The place is familiar but different (Jakku instead of Tatooine). The time is clearly after, a period moved on from what we know. There are echoes of what came before - the mysterious and already much-disected pronouncement from Luke Skywalker, the storm-troopers, and of course the double cameo in the final shot - but there are also disturbing changes.
This clip works because it explictly acknowledges what the prequels implicitly denied - that time passes. Entire generations of children have come of age and grown old under the shadow of this one story. The ruins of the original trilogy tower forlorn in the background of the new world. Star Wars, with all of its Cambellian trappings make a whole hell of a lot more sense than the world does right now. Instead of one iconic, fair-haired hero, we have a plucky staff-weilding young woman, an (ex?) storm-trooper of color, and a very gleeful X—wing pilot, almost as though the simple narrative of the original trilogy has fragmented and moved past simple descriptions even as it tightens focus away from galactic machinations back to the heart of the original story. The destiny of families.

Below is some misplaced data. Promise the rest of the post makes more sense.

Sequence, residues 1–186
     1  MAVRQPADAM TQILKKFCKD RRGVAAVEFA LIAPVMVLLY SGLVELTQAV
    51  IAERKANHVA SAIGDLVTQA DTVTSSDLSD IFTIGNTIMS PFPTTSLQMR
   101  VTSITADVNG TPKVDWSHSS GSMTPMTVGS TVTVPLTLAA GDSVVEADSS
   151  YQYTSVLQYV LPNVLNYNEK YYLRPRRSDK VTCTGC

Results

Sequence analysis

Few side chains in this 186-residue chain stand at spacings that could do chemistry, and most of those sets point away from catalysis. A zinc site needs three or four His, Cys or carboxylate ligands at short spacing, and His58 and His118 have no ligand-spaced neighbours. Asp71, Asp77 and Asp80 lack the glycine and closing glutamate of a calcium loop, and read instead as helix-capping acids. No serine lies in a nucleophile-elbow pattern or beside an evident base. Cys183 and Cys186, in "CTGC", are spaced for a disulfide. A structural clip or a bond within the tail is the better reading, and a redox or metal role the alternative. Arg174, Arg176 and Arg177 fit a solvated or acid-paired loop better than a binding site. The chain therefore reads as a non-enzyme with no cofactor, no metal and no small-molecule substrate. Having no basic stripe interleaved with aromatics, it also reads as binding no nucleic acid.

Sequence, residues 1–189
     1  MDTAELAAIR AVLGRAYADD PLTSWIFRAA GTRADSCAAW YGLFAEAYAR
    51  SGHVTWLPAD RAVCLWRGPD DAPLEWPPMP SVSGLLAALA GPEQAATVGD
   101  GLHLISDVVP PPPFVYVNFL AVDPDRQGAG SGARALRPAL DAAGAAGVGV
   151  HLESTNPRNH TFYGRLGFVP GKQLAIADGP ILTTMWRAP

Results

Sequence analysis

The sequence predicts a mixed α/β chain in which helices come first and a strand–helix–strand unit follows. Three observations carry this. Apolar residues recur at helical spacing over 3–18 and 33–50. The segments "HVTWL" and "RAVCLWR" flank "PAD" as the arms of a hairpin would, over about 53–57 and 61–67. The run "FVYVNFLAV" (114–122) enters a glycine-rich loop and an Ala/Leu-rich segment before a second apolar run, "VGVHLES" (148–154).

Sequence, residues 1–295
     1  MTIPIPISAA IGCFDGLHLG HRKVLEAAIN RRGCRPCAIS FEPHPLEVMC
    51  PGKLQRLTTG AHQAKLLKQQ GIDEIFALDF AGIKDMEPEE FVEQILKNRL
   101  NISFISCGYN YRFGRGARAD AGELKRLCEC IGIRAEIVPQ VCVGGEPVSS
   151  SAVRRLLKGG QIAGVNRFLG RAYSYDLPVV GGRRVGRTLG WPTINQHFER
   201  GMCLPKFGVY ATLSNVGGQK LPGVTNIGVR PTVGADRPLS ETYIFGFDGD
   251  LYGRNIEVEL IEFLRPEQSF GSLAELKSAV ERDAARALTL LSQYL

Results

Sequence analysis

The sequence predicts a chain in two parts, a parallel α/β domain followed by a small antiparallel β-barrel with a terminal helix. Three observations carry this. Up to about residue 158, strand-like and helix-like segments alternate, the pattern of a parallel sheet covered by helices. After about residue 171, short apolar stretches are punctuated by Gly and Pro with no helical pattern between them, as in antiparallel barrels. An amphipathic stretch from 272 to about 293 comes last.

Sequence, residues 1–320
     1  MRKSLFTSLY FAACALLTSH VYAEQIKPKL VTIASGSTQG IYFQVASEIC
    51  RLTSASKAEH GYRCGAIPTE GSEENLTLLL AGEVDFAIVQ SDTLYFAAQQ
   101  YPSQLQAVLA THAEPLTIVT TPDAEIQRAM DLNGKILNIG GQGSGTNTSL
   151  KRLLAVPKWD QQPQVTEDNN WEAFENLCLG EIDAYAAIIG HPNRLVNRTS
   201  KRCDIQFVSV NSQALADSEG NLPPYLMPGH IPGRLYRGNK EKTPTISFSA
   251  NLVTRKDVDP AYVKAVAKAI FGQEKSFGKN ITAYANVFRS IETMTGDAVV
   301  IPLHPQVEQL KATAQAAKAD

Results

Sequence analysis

The trailer embraces nostalgia. The music swells, the action on the screen builds towards a simple and powerful climax - the reappearance of Hans Solo and Chewbacca. The statement here is not so much fan-service as it is a communion with a segment of the population.
J.J. Abrams seems to understand that images, simple, well-framed images, have the power to drive the imagination. To encourage us dream again.
This trailer forms a compact with fans: trust us and we will do the impossible - return home.
That’s a lot to ask of fans who sat through Jar Jar Binks, gobs of superfluous CGI, and bad dialogue, but the gesture is appreciated.